Re-publication :- our Snow Report Summary, being the text above this line, is free to re-publish, but must be clearly credited to www.J2ski.com with text including "J2Ski Snow Report" linked to this page - thank you.
Austria has been in an increasingly tight 'lockdown' since last Friday. First Ischgl announced its closure but that was followed within 24 hours by first to Tirol and Salzburgerland regions, then the whole country.
Initial closures were announced for March but then most resorts began saying the season was definitely over.
Austria has a number of glacier ski areas and some like Hintertux and Molltal are open year-round, or nearly- year-round, so will presumably be among the first to re-open when the crisis passes. Nobody is sure when that will be but some have been re-scheduling summer events to September so obviously feel that's a good bet for some return to normality.
The season, of course, looks to be over in France. Tens of thousands of skiers newly arrived in resorts, getting their rentals, lift passes and groceries in on Saturday afternoon were not happy when the French government announced that evening their resort had to close by midnight. Tour operators then scrabbled to find buses (with few planes still flying), to bring them home.
Most resorts say they have closed now for the season, although there are plenty of reports of people heading out ski touring in the classic ski resorts like Chamonix, with others questioning the wisdom of that due to possible medical need if things go wrong.
It remains to be seen now if there may be summer skiing in 2020 – Val d'Isere, Tignes and Les 2 Alpes.
Italy was the first ski nation to close, more than a week ago now. Again here it's believed some people have been out ski touring but all lifts are closed. There's not been much fresh snowfall reported this week and conditions are reported to have been more spring-like – although there's now less live reporting of course.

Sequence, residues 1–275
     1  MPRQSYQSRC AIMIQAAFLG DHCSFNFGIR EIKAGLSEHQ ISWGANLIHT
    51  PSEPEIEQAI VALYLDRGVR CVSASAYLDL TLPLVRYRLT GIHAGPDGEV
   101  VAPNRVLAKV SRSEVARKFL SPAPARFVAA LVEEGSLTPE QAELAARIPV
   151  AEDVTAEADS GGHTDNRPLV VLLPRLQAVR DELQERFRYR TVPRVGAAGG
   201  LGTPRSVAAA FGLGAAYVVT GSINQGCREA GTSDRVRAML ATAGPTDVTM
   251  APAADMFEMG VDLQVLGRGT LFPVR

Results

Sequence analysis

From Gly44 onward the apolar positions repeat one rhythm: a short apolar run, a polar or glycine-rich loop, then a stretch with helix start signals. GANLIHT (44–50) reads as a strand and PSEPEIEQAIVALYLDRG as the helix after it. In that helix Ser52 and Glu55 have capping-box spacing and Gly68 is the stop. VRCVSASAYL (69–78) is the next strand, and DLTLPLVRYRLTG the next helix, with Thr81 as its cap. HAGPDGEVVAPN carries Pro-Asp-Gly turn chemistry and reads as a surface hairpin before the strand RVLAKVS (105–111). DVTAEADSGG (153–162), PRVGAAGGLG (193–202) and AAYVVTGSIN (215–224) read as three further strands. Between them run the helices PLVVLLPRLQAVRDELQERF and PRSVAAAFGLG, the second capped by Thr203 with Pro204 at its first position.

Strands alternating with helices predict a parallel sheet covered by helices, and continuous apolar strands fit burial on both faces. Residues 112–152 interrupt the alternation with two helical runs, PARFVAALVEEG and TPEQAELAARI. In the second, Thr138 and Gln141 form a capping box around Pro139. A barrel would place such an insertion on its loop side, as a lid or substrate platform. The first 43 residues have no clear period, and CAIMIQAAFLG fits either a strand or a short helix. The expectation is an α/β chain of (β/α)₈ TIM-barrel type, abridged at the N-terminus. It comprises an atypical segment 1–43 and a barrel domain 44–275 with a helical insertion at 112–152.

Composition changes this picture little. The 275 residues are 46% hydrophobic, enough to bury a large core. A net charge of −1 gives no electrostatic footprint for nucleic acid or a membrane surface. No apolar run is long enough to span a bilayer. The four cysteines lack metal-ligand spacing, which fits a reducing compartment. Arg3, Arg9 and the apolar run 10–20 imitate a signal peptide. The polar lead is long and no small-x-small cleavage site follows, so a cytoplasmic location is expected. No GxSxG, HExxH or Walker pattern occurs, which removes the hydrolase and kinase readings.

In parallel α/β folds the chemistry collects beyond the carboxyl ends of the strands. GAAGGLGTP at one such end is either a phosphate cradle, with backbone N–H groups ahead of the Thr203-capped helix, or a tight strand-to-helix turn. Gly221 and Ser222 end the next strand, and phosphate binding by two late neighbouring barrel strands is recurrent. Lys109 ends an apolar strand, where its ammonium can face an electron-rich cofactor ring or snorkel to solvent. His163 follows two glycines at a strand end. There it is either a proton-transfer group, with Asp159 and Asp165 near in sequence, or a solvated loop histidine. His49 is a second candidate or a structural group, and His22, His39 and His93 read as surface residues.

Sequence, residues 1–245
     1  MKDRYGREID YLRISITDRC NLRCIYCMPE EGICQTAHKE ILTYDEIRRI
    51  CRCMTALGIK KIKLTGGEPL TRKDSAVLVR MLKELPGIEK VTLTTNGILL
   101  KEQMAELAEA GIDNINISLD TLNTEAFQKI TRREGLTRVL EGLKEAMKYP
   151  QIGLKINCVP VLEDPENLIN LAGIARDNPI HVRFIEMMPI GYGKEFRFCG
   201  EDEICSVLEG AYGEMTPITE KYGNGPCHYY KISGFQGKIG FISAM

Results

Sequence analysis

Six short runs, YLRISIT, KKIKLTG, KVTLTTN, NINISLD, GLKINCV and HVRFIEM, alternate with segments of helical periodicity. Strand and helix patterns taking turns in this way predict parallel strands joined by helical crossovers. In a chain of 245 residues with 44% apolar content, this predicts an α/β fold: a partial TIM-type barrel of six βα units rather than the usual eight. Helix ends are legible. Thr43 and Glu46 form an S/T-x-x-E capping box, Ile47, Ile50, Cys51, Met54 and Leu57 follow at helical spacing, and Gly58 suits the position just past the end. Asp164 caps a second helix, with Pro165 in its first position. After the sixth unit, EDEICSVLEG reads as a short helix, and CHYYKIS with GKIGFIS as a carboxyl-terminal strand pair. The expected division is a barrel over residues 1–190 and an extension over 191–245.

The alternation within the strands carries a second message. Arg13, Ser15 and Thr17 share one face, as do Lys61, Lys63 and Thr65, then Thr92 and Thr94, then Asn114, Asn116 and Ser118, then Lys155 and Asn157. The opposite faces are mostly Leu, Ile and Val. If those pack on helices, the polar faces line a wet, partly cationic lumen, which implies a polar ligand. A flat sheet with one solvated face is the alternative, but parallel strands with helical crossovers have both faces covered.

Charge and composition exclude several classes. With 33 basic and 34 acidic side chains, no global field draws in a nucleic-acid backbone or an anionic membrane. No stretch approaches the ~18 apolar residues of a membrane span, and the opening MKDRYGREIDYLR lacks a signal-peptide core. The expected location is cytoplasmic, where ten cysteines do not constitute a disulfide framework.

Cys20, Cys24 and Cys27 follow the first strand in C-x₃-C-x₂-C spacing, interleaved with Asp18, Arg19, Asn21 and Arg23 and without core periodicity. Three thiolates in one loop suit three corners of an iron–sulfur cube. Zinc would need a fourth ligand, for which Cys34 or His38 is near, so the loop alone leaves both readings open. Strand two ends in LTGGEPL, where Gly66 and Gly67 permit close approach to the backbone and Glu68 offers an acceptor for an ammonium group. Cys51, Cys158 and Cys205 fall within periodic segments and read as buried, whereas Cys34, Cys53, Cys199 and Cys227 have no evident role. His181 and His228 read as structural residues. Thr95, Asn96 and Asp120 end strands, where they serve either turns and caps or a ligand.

The next ski area due to open is Passo Stelvio, which usually opens from late spring through to Autumn if the country starts to relax restrictions within the next three months, but that, of course, is unknown at this point.
Swiss ski areas started to close down at the end of last week, initially canton by canton and then the federal government ordered all closed. In the days since, there have been a few twists and turns – with some cantons initially announcing restaurants, most non-essential shops and hotels all had to close, but then it was decided hotels could remain open, although most have closed anyway.
Resorts are also trying to tread a middle ground between obeying the restrictions and helping people to avoid depression and inactivity. So some are still highlighting that cross country skiing, ski touring, Nordic walking, tobogganing and the like are all still possible and setting up outdoor pop-up food counters to supply meals in as safe a way as possible.
Besides Japan, Scandinavia has the most ski areas open in the Northern Hemisphere with (at the time of writing!) most centres in Finland and Sweden still open.
Norwegian centres have closed, primarily after the government there asked centres to consider if they had adequate medical facilities to cope if visiting skiers all got sick as well as locals. Most concluded "no" and closed slopes at the end of that last week. Since then even those that thought they could cope seem to have done the same.